Thus far in the mayoral race, almost all of Bill de Blasio’s endorsements have come from the battleground borough of the Bronx, but today he is branching out to Queens, where State Senator James Sanders is joining the public advocate’s team.
In a statement, Mr. Sanders, whose district includes the Hurricane Sandy-ravaged Rockaways, touted Mr. de Blasio’s support in the aftermath of the storm.
It is a question few in the New York political establishment dare to ask publicly: is the seemingly endless string of indictments and arrests of elected officials a conspiracy against minorities in power?
But there was Queens State Sen. James Sanders Jr., bellowing in a theater with a preacher’s rhythm, more than implying last night that the recent arrests of black elected officials like Assemblyman Eric Stevenson, State Sen. Malcolm Smith and State Sen. John Sampson were not coincidental. Even State Sen. Shirley Huntley, who admitted to stealing funds earmarked for her district’s underprivileged children and was sentenced Thursday for her crimes, could have been linked to a conspiracy, Mr. Sanders said.
Ironically, Mr. Sanders defeated Ms. Huntley last year–after she was indicted–and took her seat in the State Senate.
Several days ago, State Senator James Sanders reacted to the news that his predecessor wore a wire in an attempt to reduce her corruption sentence, by criticizing her for “snitching.” Well, the New York Post didn’t take kindly to that, and this morning, the publication editorialized harshly against Mr. Sanders, claiming he “seems to be endorsing the crime-abetting law of street thugs.”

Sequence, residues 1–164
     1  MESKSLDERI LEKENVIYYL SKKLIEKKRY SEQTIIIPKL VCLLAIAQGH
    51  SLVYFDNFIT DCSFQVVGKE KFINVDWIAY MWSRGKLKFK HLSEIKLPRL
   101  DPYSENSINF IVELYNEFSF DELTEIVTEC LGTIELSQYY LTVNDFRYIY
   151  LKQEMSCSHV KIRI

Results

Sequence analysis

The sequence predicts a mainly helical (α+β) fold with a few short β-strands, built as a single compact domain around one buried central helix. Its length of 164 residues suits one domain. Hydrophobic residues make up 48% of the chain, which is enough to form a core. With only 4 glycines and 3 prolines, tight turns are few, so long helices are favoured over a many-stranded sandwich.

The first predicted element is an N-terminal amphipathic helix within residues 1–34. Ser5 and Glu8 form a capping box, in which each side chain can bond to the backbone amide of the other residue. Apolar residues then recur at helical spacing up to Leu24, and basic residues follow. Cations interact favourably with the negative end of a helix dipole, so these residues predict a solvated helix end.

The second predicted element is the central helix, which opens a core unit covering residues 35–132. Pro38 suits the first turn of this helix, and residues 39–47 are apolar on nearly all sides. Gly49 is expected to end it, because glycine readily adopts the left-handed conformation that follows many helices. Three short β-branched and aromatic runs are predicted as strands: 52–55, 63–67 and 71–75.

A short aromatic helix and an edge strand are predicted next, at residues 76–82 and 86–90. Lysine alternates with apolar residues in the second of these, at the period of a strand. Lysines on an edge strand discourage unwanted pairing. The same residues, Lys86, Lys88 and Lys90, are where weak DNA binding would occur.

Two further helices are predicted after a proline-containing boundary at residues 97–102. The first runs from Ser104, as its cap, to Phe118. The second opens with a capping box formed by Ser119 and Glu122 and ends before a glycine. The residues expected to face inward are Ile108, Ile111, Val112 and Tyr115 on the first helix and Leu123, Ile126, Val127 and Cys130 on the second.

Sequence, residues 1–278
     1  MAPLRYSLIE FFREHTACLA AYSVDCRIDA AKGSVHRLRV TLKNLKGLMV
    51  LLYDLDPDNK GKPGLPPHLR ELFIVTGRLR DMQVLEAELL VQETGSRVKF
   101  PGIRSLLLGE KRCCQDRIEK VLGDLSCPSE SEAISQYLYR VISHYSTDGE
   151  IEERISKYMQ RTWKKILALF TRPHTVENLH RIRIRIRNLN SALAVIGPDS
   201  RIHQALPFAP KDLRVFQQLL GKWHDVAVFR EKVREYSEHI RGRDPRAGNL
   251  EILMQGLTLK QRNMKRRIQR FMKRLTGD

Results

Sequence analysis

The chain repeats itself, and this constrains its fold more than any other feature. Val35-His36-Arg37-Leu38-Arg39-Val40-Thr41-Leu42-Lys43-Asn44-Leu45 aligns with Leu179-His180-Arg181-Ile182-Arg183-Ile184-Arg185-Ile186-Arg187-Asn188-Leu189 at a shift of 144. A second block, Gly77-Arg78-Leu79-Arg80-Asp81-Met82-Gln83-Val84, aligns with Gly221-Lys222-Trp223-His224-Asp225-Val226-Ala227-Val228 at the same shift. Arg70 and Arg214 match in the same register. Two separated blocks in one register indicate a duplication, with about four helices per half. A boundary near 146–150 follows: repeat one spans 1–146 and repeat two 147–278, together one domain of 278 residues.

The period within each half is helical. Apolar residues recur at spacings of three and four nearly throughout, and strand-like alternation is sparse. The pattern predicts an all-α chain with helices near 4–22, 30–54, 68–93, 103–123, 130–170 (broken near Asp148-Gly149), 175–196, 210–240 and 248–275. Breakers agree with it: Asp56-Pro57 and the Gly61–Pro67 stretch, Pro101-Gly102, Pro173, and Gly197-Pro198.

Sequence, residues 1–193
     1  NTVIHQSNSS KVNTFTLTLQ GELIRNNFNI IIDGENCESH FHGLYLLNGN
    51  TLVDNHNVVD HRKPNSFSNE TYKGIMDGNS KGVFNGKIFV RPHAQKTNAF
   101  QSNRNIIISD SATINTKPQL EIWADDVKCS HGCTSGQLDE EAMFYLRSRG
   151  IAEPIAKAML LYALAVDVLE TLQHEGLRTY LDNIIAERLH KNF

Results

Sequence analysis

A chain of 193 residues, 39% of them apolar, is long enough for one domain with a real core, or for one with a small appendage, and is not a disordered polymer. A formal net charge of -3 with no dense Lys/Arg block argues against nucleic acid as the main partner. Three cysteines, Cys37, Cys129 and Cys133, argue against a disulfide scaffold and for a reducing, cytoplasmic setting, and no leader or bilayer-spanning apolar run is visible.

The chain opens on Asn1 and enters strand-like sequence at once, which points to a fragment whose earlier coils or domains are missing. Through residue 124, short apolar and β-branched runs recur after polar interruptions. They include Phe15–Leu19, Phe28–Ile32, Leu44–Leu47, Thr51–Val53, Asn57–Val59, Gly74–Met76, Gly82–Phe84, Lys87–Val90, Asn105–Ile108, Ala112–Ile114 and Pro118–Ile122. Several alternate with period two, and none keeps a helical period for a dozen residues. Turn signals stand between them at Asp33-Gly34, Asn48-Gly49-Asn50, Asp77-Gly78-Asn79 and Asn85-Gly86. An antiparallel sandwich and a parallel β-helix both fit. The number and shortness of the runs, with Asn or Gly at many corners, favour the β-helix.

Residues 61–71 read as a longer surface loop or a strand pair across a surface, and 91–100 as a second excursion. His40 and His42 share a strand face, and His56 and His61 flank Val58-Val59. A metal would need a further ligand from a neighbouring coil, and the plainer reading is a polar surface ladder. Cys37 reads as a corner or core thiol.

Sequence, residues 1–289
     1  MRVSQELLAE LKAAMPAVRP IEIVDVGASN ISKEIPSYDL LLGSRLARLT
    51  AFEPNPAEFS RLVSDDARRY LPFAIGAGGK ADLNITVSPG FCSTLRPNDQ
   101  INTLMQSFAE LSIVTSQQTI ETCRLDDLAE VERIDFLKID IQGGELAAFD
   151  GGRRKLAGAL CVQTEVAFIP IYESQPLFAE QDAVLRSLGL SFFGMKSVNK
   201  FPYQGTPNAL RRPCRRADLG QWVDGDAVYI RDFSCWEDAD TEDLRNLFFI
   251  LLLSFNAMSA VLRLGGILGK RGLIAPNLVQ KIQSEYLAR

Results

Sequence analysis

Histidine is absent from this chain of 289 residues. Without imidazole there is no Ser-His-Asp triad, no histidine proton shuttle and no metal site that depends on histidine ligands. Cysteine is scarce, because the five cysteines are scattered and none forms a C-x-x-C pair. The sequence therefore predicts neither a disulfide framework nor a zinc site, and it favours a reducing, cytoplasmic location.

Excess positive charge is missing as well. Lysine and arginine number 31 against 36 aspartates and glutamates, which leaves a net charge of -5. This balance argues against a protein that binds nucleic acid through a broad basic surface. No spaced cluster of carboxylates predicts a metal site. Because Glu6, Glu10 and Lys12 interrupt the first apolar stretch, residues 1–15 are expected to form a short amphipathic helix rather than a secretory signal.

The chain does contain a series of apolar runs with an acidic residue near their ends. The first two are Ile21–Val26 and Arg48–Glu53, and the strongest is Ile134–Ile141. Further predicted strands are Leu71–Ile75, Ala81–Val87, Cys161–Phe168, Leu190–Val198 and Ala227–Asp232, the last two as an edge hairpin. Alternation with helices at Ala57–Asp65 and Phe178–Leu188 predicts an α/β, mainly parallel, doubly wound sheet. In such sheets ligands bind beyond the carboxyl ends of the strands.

Mr. Sanders released a follow-up statement this afternoon taking exception to the Post‘s characterization. “Snitching,” Mr. Sanders wrote, was only in the context of entrapment, which he insisted the editorial missed.
Councilman Donovan Richards will likely hire his one-time electoral rival Pesach Osina next week.
“It’s an interesting time, you know, sort of like Barack and Hillary,” Mr. Richards, the winner of an incredibly tight special election in southeast Queens last month, told Politicker on Friday. “We heal quick. You know, I think Pesach would certainly be a great addition to my team. He will help unite the community and he’ll be a great asset. Don’t be surprised if he’s hired next week.”
Donovan Richards declared victory today in the Queens special election to replace his mentor, former Councilman James Sanders, putting to rest fears that the election’s outcome would be unknown for weeks or even months in what had become a racially-charged contest.
With all absentee and affidavit votes counted, Mr. Richards padded his razor-thin 26-vote Election Day margin with another 133 votes, while his main competitor, Pesach Osina, only gathered an additional 80. This brought the unofficial tally to 2,646 for Mr. Richards and 2,567 for Mr. Osina, a wide enough margin to avoid an automatic recount. The results will be certified next week.